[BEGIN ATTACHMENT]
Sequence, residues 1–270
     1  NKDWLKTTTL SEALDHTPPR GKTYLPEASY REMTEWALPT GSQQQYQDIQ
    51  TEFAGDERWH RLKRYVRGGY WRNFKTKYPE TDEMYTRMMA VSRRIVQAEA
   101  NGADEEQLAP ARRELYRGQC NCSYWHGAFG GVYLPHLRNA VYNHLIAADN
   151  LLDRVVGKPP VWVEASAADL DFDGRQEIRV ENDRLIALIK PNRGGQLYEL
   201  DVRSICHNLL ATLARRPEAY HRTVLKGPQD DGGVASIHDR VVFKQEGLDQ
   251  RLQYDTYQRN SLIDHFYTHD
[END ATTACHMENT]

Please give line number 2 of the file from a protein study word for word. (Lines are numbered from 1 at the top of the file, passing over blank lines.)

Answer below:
     1  NKDWLKTTTL SEALDHTPPR GKTYLPEASY REMTEWALPT GSQQQYQDIQ